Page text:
Human Factors/Ergonomics courses: Human Factors and Behavior-Based Safety (3), Ergonomics I (3), Ergonomics II (3)
Required courses outside participating departments: varies
Recommended courses outside participating departments: varies
Class size: 5-50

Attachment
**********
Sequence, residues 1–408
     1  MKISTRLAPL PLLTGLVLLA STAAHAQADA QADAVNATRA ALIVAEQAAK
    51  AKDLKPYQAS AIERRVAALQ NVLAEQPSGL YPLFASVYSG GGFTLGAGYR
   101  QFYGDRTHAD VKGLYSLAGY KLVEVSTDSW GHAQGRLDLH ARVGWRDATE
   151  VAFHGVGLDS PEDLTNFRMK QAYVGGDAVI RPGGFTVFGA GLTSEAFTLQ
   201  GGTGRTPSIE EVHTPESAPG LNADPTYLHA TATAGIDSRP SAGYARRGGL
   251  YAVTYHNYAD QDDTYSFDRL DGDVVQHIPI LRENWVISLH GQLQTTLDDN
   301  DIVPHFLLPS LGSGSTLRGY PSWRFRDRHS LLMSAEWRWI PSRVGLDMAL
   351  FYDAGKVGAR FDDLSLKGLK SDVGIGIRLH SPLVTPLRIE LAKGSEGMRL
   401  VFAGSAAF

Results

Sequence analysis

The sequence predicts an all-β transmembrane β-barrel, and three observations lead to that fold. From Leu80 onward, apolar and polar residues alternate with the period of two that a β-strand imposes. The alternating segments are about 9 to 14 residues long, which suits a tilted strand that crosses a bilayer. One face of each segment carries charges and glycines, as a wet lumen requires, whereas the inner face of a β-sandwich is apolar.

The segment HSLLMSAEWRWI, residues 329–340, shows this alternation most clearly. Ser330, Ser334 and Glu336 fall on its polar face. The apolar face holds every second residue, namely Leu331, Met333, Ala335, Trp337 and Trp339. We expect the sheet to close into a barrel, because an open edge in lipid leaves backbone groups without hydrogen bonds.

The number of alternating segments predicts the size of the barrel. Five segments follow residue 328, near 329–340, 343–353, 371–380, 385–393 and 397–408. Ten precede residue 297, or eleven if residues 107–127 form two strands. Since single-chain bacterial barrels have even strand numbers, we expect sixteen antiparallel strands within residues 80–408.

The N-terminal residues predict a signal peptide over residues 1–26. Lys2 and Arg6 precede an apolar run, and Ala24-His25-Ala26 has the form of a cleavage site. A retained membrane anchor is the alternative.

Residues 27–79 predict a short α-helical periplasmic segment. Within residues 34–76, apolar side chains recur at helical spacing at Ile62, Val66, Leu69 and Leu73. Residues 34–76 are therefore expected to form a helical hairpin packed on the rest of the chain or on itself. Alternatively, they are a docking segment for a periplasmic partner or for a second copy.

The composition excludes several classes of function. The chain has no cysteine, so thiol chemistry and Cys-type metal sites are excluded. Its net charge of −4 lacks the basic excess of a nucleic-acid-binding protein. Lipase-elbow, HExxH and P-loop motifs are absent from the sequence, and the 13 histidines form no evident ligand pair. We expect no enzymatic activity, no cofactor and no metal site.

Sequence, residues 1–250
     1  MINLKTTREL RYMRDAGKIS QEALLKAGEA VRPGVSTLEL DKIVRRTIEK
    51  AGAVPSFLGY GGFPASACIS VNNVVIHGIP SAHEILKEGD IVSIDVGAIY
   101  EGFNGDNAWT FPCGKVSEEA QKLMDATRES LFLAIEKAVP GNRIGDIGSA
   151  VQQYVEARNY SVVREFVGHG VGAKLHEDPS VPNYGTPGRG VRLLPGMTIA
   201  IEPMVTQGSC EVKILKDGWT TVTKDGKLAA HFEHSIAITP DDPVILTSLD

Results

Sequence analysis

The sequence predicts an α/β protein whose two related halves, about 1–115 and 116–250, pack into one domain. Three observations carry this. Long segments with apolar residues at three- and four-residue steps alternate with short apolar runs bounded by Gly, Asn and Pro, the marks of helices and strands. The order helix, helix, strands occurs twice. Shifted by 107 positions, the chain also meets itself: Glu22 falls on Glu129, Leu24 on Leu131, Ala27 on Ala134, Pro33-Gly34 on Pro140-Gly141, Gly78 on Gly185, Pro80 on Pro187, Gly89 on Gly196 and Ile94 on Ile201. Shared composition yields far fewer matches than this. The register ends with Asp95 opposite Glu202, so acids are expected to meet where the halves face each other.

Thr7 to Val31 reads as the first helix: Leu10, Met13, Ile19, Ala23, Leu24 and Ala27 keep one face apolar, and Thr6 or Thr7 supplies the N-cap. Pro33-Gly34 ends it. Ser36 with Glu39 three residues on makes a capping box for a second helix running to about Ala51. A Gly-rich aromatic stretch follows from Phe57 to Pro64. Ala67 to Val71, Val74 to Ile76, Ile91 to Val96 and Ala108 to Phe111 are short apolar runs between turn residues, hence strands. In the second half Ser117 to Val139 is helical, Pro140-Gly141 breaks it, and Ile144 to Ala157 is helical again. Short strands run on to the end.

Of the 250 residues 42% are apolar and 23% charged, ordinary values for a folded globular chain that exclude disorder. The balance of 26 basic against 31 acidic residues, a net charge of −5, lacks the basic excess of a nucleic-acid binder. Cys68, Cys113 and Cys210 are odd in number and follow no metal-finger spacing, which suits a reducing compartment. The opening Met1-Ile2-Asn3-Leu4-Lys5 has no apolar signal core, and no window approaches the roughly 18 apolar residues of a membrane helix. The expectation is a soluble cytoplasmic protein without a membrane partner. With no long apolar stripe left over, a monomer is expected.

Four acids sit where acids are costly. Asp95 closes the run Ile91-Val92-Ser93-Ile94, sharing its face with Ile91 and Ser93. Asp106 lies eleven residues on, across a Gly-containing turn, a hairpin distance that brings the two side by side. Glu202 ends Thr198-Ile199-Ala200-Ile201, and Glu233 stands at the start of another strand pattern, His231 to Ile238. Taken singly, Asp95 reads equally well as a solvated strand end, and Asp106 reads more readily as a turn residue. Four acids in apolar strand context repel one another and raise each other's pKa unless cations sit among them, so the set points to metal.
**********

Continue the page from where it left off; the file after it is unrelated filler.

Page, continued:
Research facilities: Excellent teaching facilities and laboratories are available for graduate instruction, demonstration, and thesis investigation and research. SRPH's new 99,000 sq ft facility includes a 7,000 sq ft., state-of-the-art environmental and occupational health laboratory and a 1500 sq ft., state-of-the-science usability laboratory, which is generally used for small-scale and ergonomic usability tests and data processing of exposure assessments performed in the field for safety and industrial hygiene review. The 7,000 sq ft. environmental laboratory space includes a sample receipt and preparation area, a cell culture room, a media preparation room, and chemical hoods and biological hoods for working with blood and urine samples. Equipment located in this area includes an Accelerated Solvent Extraction (ASE) unit and a Zymark turbovap unit for rapid drying of solvents from extracted samples. The cell culture room also includes fume hoods, as well as two bacterial incubators and a CO2 incubator for growth of mammalian cells. The media preparation room includes an Agarmatic and Pourmatic for preparation of biological media and an automatic plate counter. A teaching laboratory and an analytical laboratory are also in the new building. Instruments in the analytical laboratory include a Gas Chromatograph/Mass Spectrometer, and a High Performance Liquid Chromatograph.